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CBE PhD candidates take home awards

Barbara Rodriguez Droguett wins UW Three Minute Thesis Competition

In front of a panel of judges, graduate students from a variety of disciplines competed to receive recognition and cash prizes in this year’s Three Minute Thesis Competition. Each student was tasked with the simple, but unenviable task of summarizing months worth of research and planning in just three short minutes. Winners have been announced and Built Environments Ph.D. candidate Barbara Rodriguez Droguett has won the first place prize of $1,500. Droguett’s research aims to develop an open-access tool for the building industry to assess the embodied carbon of heating, ventilation, air conditioning as well as refrigerant systems using a simplified life cycle assessment (LCA) method. She and her team have found that though the initial embodied carbon in HVAC systems in these buildings is low, with up to four replacements across the 60-year lifespan of some buildings, the carbon footprint can be significant.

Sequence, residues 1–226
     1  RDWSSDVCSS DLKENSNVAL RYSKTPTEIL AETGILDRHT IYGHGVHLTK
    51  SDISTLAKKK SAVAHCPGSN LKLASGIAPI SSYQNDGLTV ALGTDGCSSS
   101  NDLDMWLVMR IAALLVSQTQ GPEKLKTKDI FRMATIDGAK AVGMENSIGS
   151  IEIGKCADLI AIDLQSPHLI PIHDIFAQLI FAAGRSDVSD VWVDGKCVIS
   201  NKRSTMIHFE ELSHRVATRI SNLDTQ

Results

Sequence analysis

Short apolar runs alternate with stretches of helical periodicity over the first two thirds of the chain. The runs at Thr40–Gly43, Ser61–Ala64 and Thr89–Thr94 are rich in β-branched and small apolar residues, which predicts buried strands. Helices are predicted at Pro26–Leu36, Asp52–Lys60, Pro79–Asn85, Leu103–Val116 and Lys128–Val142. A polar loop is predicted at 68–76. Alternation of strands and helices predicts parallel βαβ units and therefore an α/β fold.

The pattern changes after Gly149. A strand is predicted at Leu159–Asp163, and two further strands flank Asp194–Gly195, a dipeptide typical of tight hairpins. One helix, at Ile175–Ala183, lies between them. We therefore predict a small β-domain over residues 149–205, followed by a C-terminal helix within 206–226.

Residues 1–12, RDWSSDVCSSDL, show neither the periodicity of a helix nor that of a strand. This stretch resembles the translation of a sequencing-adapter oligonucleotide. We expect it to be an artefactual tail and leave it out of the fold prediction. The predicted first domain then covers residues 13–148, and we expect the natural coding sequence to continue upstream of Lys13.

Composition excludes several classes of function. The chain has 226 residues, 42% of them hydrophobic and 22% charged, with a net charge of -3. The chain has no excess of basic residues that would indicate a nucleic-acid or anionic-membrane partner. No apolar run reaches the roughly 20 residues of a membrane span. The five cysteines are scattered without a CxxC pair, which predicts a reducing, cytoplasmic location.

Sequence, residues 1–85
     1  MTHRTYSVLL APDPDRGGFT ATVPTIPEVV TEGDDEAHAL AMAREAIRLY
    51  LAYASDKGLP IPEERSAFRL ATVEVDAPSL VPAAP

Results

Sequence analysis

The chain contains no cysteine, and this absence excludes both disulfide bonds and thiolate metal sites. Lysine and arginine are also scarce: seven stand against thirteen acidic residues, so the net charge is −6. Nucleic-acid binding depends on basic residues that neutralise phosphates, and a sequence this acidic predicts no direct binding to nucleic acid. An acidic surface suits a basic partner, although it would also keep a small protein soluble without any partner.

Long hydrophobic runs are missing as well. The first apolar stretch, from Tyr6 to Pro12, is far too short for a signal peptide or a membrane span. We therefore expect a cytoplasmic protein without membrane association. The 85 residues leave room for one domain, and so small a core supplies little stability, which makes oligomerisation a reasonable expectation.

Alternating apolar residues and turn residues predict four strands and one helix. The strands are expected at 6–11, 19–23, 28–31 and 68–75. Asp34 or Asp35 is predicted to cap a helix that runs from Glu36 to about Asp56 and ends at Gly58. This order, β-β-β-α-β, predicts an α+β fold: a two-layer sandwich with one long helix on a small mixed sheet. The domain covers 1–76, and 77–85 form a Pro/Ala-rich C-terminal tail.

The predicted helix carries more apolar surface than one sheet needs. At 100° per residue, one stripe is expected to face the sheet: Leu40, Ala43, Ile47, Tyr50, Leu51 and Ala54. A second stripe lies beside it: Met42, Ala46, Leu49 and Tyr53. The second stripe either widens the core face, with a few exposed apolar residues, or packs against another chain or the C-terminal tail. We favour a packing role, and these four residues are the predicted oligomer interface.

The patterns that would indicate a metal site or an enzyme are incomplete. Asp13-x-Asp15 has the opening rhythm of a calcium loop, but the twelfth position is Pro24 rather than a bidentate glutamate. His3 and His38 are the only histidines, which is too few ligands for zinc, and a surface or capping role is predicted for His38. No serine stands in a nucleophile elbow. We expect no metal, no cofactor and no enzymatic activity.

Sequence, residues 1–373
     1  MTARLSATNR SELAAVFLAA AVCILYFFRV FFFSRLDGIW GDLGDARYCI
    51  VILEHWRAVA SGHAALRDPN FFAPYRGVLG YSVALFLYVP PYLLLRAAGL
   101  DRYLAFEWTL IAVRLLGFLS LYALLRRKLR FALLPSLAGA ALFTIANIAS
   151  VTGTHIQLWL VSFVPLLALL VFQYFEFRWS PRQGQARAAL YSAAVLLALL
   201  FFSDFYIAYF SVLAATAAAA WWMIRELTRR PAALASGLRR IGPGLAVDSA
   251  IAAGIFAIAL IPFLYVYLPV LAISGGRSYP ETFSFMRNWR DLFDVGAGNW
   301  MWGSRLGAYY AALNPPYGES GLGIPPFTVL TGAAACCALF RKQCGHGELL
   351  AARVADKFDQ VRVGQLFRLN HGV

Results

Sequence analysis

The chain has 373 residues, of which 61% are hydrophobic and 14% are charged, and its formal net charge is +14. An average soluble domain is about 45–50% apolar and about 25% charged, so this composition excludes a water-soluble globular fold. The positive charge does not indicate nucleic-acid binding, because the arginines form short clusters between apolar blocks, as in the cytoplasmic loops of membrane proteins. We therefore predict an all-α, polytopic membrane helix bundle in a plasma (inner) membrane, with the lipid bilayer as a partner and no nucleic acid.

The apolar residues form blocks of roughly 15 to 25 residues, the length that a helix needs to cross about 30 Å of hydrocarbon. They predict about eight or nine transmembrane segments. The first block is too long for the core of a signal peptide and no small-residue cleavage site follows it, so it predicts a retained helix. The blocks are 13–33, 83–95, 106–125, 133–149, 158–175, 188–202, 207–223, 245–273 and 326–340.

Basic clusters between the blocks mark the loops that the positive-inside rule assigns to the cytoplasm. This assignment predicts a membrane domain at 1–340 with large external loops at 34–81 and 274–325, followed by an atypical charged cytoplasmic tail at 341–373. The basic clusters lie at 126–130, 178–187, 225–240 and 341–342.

UW 3MT is a partnership between the Office of Graduate Student Affairs and the UW Libraries Research Commons. The competition is designed to drive students to be able to discuss their research effectively and succinctly and to do so without the use of industry-specific jargon. This year’s theme was Impact

Chester Fritz International Research and Study Fellowship awarded to Supasai Vongkulbhisal

Each year, one dedicated student is rewarded with the opportunity to study abroad thanks in part to funding provided by the Chester Fritz International Research and Study Fellowship. The award includes a generous monthly stipend and paid health insurance during a full quarter of study. This year, the recipient was Built Environment Ph.D. candidate Supasai Vongkulbhisal. Candidates are selected based on their explanation of the necessity to spend time abroad to complete their research and how that research relates to their program of study at the UW.

As a researcher, Vongkulbhisal is interested in modernism and its relationship with colonialism, especially in the Asian nations. Her winning research proposal is to examine the transplantation of Modern Thai Architecture in Thailand from the 1960s to the 1980s, in regard to the geopolitical incidents occurring in the Southeast Asia region during the Cold War and its association to the United States. She will be studying in Bangkok and Chiang Mai, Thailand.